For Mark Rasmussen, the ten years he spent publishing the locally based monthly rock magazine No Cover (1997–2007) was ecstasy and agony.
“We gave blink-182 their first magazine cover in March ’98. We also gave Linkin Park, Reel Big Fish, and Pepper their first covers.”
He launched No Cover in Venice Beach. “L.A. was too saturated of a market. I had a friend down here in San Diego. I noticed that [now-defunct] SLAMM was the only thing down here, and I thought I could do much better.”
For a year, Rasmussen, a former advertising account manager, based No Cover out of the Carlsbad offices of internet music company spinrecords.com. “I was there the day [in 2000] it closed down. They laid off 300 people. It was a concept more than a business. We got our own office in Mission Hills.”
No Cover continued on as local bands such as Unwritten Law and Mower scooped cover stories. “We did the first official Jägermeister magazine with Slayer on the cover. It was distributed at all 42 dates of the Slayer tour, which was sponsored by Jägermeister.”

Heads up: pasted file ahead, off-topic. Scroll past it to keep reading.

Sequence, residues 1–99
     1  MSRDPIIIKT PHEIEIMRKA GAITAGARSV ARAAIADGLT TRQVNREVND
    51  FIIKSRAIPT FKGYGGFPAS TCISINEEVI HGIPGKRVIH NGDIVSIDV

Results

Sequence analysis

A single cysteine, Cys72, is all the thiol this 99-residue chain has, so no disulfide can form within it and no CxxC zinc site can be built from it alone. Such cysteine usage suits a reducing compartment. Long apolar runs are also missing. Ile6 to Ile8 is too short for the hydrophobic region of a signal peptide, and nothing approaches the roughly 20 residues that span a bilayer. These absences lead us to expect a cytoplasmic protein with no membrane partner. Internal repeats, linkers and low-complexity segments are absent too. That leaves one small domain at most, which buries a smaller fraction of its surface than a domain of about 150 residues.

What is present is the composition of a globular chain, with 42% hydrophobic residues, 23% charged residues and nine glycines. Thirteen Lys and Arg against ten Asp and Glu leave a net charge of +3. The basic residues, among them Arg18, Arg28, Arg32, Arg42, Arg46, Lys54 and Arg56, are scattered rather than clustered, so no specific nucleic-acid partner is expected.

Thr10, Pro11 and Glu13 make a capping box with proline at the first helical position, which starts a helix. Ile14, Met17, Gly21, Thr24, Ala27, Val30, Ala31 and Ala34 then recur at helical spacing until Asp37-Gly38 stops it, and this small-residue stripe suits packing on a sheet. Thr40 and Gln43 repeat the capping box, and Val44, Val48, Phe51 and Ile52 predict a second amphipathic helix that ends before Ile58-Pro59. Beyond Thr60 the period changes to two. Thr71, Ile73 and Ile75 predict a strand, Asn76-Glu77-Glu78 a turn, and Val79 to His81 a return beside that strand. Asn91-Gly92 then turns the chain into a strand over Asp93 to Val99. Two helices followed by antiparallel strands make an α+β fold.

Things looked good when the Slayer issue led to major distribution. No Cover got into Tower, 7-Eleven, and Barnes and Noble in 2003. “At one point, we had 100,000 copies distributed throughout the West Coast.... When we started [with the distributor], they would pay you for your magazines in advance.”
Then things fell apart. “They started by paying you up front. Then it changed to ‘We’ll pay after they sell.’”
When Tower Records went bankrupt, he says the huge record chain stiffed No Cover. “I paid an attorney to write a lot of letters only to find out we would get nothing. That was a first blow. We were owed a lot of money.”
Rasmussen says the Tower collapse was followed by news that his distributor was going out of business in 2007 and stiffing him for three issues.
He says the cost to produce each issue was $22,000. “I maxed out my credit. I was draining my bank account to keep it going.”
The last print version of No Cover, with Seether on the cover, was released in August 2007.
However, the industry juice he got from No Cover allowed Rasmussen a chance to launch his own record label, Whiskey Records, and to start placing songs for Fox Sports, Fuel, and Spike TV.
Rasmussen says he is launching an internet-only version of No Cover next month.
“I’m passionate about music, but I’m smart enough to not go back into [print] publishing.”